For instance, if a company sends out 1,000 emails and 200 of them are opened, the email open rate would be 20%.

    It’s important to note that email open rates can vary widely depending on the industry, the type of audience, and the nature of the email (promotional, informational, etc.).

    Email open rate

    Roman Kniahynyckyj of LyntonWeb advises that you should “track emails sent, types of emails, and open rates” to gain a better understanding of your email efficiency.

    He says “you want to see if prospects are engaging with your emails regularly. The more frequently they open emails from you, the more likely they are going to be to talk with you and ultimately buy from you.”

    Expert Recommendation: Tracking your open rates is good – but what about other email metrics like unsubscribers, email CTR, new subscribed contacts, etc.? Unfortunately, keeping an eye on all of these metrics within the ESP can get far too complicated. But with our free Mailchimp Campaign Overview Dashboard, you can streamline the entire process. And if you use another ESP, don’t worry, we have 100+ integrations you can choose from.

    Mailchimp Campaign Overview Dashboard

    5. Number of Follow-Up Meetings

    Number of follow-up meetings is a sales metric that refers to the number of additional meetings a sales rep has with a potential client after the initial contact.

    In some cases, it can also reflect the effectiveness of the initial meeting. A need for numerous follow-ups might suggest that the initial meeting didn’t fully address the client’s needs or concerns (but that’s not necessarily always the case).

    Sales meetings

    In fact, Oliver Lopez of Structsales says that “if you bring enough value to the first meeting, the client is more likely to want to meet with you again!”

    6. Call-Show Rate

    The call-show rate is a KPI that refers to the percentage of scheduled sales calls that actually result in the prospect showing up and participating in the call.

    This KPI helps evaluate your appointment-setting process and the quality of leads your team is pursuing.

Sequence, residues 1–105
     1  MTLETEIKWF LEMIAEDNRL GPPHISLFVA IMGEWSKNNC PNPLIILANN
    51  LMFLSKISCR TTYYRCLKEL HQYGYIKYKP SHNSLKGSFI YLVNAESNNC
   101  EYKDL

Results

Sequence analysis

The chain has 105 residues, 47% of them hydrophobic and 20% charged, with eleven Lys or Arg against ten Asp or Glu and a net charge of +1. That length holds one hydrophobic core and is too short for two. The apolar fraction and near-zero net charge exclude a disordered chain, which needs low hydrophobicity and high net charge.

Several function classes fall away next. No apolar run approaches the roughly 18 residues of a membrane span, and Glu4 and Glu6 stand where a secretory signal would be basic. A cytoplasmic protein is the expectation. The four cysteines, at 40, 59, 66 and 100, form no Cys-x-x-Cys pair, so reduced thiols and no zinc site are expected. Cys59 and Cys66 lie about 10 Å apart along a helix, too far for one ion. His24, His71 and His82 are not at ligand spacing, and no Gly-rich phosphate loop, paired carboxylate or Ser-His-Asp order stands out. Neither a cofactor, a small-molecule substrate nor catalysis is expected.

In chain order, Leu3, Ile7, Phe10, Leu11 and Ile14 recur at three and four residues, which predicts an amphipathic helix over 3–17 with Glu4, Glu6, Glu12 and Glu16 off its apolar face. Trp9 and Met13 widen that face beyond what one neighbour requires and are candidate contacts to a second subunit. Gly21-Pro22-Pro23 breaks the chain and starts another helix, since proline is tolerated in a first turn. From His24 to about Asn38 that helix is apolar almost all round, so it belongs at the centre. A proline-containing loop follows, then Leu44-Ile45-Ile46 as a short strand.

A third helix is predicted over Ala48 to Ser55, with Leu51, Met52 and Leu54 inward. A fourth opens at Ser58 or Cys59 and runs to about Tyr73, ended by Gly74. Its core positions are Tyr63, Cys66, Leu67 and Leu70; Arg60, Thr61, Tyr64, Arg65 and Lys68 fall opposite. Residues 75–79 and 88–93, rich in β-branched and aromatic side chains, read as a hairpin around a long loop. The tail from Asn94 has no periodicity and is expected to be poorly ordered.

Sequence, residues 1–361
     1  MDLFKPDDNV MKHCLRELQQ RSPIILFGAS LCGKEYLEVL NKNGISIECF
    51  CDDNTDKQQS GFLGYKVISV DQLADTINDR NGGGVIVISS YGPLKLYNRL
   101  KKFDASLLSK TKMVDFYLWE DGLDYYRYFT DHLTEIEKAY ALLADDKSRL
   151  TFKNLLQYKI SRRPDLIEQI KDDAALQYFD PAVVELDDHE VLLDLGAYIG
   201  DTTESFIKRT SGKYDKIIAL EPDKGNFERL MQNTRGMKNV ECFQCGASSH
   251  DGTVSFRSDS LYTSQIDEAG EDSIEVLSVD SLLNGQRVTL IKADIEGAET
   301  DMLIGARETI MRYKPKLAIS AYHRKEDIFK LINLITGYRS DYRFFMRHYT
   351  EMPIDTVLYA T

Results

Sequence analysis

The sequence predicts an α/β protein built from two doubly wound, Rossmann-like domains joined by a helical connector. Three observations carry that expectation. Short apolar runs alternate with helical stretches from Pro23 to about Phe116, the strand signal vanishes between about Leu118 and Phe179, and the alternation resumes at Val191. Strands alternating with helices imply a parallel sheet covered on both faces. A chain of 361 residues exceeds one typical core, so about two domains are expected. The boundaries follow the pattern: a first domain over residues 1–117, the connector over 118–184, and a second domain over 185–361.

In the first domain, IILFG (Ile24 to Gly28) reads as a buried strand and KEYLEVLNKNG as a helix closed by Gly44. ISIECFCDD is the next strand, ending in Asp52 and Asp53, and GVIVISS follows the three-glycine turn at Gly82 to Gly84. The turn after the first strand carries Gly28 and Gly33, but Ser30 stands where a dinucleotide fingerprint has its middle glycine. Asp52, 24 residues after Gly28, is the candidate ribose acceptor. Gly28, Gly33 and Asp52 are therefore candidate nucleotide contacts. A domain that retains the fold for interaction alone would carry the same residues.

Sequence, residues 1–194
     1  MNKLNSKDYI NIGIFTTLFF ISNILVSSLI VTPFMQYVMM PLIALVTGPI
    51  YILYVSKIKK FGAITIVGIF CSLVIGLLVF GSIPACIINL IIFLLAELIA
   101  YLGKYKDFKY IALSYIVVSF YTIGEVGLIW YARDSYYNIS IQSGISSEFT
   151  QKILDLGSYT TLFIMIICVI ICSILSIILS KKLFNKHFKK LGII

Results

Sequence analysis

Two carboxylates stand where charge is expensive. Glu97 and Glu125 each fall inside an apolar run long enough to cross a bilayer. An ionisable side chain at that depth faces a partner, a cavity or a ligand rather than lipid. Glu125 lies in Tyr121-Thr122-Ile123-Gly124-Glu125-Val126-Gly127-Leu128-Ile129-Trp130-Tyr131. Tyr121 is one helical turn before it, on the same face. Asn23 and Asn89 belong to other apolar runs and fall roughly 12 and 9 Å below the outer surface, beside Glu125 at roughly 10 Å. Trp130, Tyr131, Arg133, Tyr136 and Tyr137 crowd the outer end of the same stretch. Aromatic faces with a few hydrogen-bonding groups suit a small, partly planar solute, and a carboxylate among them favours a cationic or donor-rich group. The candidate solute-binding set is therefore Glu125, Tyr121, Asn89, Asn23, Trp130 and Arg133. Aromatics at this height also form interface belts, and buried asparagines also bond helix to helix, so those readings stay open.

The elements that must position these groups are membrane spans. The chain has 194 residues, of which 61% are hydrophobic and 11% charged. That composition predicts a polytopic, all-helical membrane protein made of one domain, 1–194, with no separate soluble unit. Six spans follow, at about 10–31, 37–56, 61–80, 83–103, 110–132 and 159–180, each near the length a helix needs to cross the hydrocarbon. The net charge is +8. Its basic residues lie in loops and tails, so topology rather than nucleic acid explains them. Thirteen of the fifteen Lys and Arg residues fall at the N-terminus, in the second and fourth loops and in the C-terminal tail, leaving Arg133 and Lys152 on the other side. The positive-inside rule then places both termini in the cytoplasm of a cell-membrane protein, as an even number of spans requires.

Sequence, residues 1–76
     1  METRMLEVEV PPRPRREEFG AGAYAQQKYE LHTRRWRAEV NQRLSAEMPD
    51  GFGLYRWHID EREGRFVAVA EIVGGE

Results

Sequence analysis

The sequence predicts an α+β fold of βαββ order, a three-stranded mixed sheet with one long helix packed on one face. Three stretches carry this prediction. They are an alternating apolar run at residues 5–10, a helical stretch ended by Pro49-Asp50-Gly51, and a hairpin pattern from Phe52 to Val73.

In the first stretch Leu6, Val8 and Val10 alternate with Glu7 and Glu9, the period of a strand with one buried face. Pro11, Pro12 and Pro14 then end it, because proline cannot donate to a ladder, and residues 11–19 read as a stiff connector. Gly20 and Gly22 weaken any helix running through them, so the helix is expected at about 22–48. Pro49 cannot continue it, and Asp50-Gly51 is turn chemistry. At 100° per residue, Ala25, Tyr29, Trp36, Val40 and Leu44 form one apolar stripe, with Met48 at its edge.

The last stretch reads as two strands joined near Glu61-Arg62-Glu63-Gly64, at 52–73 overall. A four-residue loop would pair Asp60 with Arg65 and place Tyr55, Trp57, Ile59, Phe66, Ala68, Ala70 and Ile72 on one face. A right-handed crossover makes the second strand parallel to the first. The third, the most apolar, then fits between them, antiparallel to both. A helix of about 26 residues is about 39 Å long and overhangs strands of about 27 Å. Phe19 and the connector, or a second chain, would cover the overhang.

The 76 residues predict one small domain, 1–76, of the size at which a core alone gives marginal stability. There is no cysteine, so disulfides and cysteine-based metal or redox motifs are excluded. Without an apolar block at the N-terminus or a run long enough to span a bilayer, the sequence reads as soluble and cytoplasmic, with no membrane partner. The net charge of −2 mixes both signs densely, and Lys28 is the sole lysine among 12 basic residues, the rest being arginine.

Brandon Fargo of Brahvia Consulting emphasized the importance of this KPI and asked – “how often are your booked sales presentations showing up for the call?”

    “This is important because sales are a numbers game. If your show rate is lower than 50%, then you have an issue and should dig into why people are not showing up. Is it a problem with the salesperson? Are people not sure about your company or solution before they even hear about it? These could all be issues.”

    7. Last Contact/Communication

    Last contact is a metric that shows the most recent point of communication between a sales representative and a potential or existing customer.

    This metric is great for helping you track follow-up activities. When you know when a customer was last contacted, you can plan follow-up actions, ensure regular engagement, and avoid over-contacting.

    “Activity is incredibly important, and tracking last contact/activity ensures that leads are being contacted and deals are being followed up on,” says Tim Parkin of Parkin Consulting.

    “If the sales team is taking action, the opportunities and deals will follow suit. This is why tracking sales activity (last contact) as a KPI is so important.”

    8. Conversation Drip

    Conversation drip is a data point that tells us how many “winnable” prospects the sales team missed out on or couldn’t close.

    Marc Bernstein of Balto Software goes into detail on how this KPI works:

    “Here’s a quick summary: let’s say that your sales team closes 30% of their calls—a super respectable number. We know that this means 70% of their calls didn’t close. Where did 70% of your business go?

    “We’ll start with a conservative scenario. Let’s say that out of the 70% of calls that didn’t close, 80% of them were ‘unwinnable.’ This means that for whatever reason, for 80% of your lost calls, there was no way the buyer would have moved forward with your solution no matter how good the pitch was.

    Here, the unwinnable calls represent 56% of all calls: 70% of all calls didn’t close, and 80% of those calls were unwinnable. 70% x 80% = 56%.

    Here’s where the math gets a little frightening. Even though you closed 30% of your calls, which for many sales teams is a feat in itself, and even though 56% of all the calls that came your way were unwinnable, you still left 14% of your calls on the table.”

    This is the chunk that was winnable—but lost. Fourteen whole freaking points.”

    9. Brand Mentions

    Brand mentions refers to the number of times a brand is mentioned across various platforms, such as social media, websites, blogs, news articles, and other sources.

    It’s primarily used in marketing, sales, and brand management to assess overall brand popularity and visibility.

    Jonathan Mentor of Successment says that this is “one of the most important sales metrics marketers and sales pros should be tracking.”